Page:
*The White Tower of Thessaloniki ( _el. Λευκός Πύργος "Lefkos Pyrgos"), widely regarded as the symbol of the city.
*The Arch and Tomb of Galerius is more commonly known as the "Kamara" and ornately decorated, crafted with a reddish-coloured stone.
*The Upper Town or 'Ano Poli' is what remains of Ottoman Thessaloniki, with beautiful wooden houses overhanging the winding streets all the way up to the Eptapyrgio at the top of the city. The Ano Poli also contains some of the city's oldest and most important churches, particularly Osios David, St. Nicolaos Orphanos and Vlatades Monastery.
*The Church of Aghios Demetrios is the most important church in the entire city. Lying above the remains of the agora and the Roman Forum, the church has three side-chapels, a museum, and underground catacombs that also include Saint Demetrios' imprisonment chamber; he is the patron saint of the city.
*OTE Tower, a TV tower is the center of the Thessaloniki Expo Center. A revolving restaurant offers spectacular views of the city.
*The waterfront is Thessaloniki's major draw. The promenade of Nikis Avenue runs from the White Tower of Thessaloniki to the giant palace that is now a ferry terminal, and plentiful cafés, restaurants and shops line the waterfront.
*The Arch and Tomb of Galerius, or the Church of Aghios Georgios, is a circular church lacking the classic Orthodox iconostasis. The church is built upon former Roman and Greek pagan ruins.
*Aristotelous Square extends all the way from Nikis Avenue on the waterfront to the Church of Panayia Halkeion. The square, shaped like a bottle, is lined with tall "archondika", or mansions of the affluent, that have now been converted to shops and hotels. A large park lies at the north end of the square, and Thessaloniki's thriving old market is just one block away to the east and west.
*The Church of Aghia Sofia, also located in the city center, includes the large church and paved alleyways that make the few blocks around it widely known.
*The extensive Byzantine walls of the Upper City ("Ano Poli") and kastro.
*The Kyvernion ("little Palace"); former residence of the King and Queen of Greece; in the Karabournaki area, in Eastern Thessaloniki
*The modern Concert Hall of Thessaloniki in the East side of the city, near the Posidonion sports center.
*Thessaloniki Intemational Trade Fair held every September, organised by Helexpo.
*The Seven tower-castle ("Επταπύργιον").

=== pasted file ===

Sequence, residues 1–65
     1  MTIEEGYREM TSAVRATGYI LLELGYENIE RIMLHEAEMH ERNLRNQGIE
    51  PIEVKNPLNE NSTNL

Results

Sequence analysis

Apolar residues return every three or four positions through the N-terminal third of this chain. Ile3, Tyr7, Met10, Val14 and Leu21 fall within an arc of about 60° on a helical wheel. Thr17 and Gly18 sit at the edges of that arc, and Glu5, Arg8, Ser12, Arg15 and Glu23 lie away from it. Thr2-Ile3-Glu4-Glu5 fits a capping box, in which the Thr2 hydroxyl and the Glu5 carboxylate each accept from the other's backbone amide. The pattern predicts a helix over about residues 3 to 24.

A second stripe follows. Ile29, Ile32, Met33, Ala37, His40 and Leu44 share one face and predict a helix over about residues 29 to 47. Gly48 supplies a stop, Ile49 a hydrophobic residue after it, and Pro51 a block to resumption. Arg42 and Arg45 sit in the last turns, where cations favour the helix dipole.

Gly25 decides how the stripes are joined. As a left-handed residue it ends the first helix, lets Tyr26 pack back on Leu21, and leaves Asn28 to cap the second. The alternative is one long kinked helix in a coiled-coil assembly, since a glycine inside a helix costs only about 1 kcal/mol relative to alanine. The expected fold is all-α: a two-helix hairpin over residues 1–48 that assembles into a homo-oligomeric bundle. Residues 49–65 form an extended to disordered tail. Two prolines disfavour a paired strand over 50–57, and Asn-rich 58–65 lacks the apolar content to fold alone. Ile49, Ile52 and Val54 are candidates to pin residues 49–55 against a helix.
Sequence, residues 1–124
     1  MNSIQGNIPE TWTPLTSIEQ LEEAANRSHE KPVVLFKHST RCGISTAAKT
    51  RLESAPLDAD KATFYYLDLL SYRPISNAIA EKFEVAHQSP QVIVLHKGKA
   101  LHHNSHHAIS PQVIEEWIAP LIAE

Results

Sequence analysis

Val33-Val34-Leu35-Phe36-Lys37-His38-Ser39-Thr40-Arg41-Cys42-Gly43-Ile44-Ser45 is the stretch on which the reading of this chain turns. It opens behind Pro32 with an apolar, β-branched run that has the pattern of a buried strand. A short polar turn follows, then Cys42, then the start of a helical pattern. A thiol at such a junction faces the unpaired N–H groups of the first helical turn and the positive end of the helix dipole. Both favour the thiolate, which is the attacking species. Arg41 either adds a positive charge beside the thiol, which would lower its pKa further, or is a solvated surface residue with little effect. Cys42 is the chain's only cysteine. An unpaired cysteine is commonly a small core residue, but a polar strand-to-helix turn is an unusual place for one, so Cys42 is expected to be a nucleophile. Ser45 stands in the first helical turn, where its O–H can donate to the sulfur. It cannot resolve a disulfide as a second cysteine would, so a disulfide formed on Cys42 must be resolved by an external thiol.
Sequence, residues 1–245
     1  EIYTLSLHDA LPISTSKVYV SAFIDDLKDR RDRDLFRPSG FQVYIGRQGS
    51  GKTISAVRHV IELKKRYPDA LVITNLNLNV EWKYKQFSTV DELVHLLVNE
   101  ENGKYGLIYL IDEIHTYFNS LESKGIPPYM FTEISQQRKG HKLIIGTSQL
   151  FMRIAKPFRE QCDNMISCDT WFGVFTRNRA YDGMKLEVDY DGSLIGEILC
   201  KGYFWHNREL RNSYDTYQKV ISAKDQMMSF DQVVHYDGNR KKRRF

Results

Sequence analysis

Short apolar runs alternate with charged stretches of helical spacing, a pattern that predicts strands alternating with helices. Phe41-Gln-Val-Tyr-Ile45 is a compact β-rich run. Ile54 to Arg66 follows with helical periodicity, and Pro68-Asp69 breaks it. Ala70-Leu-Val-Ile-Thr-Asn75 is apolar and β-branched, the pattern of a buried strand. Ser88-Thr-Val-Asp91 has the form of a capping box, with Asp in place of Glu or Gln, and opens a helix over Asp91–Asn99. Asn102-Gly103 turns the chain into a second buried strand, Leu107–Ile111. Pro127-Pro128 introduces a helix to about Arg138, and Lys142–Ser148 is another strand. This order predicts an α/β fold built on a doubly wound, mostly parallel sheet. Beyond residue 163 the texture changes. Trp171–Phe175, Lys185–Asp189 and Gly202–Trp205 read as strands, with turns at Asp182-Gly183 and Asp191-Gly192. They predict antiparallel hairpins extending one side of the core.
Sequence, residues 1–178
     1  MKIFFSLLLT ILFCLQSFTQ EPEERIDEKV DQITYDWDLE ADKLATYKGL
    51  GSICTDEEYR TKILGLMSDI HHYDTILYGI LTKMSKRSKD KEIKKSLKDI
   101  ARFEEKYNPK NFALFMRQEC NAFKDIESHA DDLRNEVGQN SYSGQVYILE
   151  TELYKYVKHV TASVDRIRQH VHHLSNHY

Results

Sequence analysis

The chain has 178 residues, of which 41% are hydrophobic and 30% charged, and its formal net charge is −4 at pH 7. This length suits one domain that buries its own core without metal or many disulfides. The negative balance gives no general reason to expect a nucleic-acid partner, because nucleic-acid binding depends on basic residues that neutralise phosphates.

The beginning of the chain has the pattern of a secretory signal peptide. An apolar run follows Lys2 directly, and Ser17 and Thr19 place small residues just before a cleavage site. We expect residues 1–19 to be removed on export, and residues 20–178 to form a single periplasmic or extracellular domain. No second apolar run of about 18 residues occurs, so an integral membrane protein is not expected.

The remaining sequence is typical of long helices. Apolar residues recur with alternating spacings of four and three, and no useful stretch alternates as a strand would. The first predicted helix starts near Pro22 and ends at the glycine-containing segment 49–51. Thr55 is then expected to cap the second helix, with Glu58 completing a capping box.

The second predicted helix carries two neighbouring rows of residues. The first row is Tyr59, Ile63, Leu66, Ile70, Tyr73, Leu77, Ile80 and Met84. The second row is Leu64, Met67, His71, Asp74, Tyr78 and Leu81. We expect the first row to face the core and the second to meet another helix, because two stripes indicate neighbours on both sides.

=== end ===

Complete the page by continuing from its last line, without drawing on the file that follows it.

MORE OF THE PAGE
* [ Jewish Museum of Thessaloniki] (Museo Djudio de Salonik)
* [ Macedonian Museum of Contemporary Art]
*State Museum of Contemporary Arts [] housing an important collection of 1275 Russian avant-garde works of art, collected by George Costakis
*Macedonia-Thrace Folklore and Ethnological Museum, housed in the G. Modiano Mansion
* [ Museum of Byzantine Culture]
* [ Thessaloniki Archaeological Museum]
* [ Thessaloniki Cinema Museum]
*Museum of the Macedonian Struggle
* [ Thessaloniki Sports Museum]
* [ Water Museum of Thessaloniki]
*White Tower of Thessaloniki, museum and monument
*Thessaloniki Science Center & Technology Museum - NOESIS
* [ Thessaloniki Museum of Photography]
* [ Museum of Cinematography]
* [ Teloglion Foundation of Art]
*Artforum Culture Foundation
* [ Artforum Research-institute and public-exhibition-hall]
* [ European Center of Byzantine and Postbyzantine Monuments]
* [ The Goulandris Natural History Museum]

Archaeological sites

*Agia Paraskevi, Thessaloniki, archaic cemetery
*The Ancient Agora of Thessaloniki
*Monastery of Latomos at Thessaloniki
*The Roman Palace and Hippodrome
*The extensive city walls
*Trigonian Tower and the Castra area


Although the population of the Municipality of Thessaloniki has declined in the last two censuses, the metropolitan area's population is still growing, as people are moving to the suburbs. Today approximately 1 million people live in the metropolitan area, making it the second largest metropolitan area in Greece after Athens.


Thessaloníki is a major port city and an industrial and commercial center. The city's industries center around oil, steel, petrochemicals, textiles, machinery, flour, cement, pharmaceuticals, and liquor. Being a free port, the city functions as the gateway to the Balkan hinterland. The city is also a major transportation hub for the whole of southeastern Europe, carrying, among other things, trade to and from the newly capitalist countries of the region. A considerable percentage of the city's working force are employed in small- and medium-sized businesses and in the service and the public sectors.

In recent years, the city has begun a process of deindustrialization and a move towards a service based economy. A spate of factory shut downs have occurred in order to take advantage of cheaper labor markets and more lax regulations. Among the largest companies to shut down factories are Goodyear, [ PFI (ΒΦΛ)] , AVEZ (the first industrial factory in northern Greece built in 1926), [ Information is in Greek from one of the city's largest dailies.] and VIAMIL (ΒΙΑΜΥΛ). Siemens is also considering shutting down their plant in the city.